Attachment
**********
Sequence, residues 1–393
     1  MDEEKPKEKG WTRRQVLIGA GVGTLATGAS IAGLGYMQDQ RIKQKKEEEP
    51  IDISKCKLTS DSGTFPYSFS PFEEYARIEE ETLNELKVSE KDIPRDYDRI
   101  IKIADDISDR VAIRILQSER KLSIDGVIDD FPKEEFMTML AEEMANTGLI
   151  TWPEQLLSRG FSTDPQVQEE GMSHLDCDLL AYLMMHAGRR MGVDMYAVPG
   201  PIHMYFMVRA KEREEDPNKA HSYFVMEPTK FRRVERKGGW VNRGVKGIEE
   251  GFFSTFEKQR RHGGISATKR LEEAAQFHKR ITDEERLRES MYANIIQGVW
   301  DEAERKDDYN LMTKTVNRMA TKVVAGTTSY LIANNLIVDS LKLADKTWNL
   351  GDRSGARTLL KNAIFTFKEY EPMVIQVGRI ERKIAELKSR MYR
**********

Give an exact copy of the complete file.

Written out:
Sequence, residues 1–393
     1  MDEEKPKEKG WTRRQVLIGA GVGTLATGAS IAGLGYMQDQ RIKQKKEEEP
    51  IDISKCKLTS DSGTFPYSFS PFEEYARIEE ETLNELKVSE KDIPRDYDRI
   101  IKIADDISDR VAIRILQSER KLSIDGVIDD FPKEEFMTML AEEMANTGLI
   151  TWPEQLLSRG FSTDPQVQEE GMSHLDCDLL AYLMMHAGRR MGVDMYAVPG
   201  PIHMYFMVRA KEREEDPNKA HSYFVMEPTK FRRVERKGGW VNRGVKGIEE
   251  GFFSTFEKQR RHGGISATKR LEEAAQFHKR ITDEERLRES MYANIIQGVW
   301  DEAERKDDYN LMTKTVNRMA TKVVAGTTSY LIANNLIVDS LKLADKTWNL
   351  GDRSGARTLL KNAIFTFKEY EPMVIQVGRI ERKIAELKSR MYR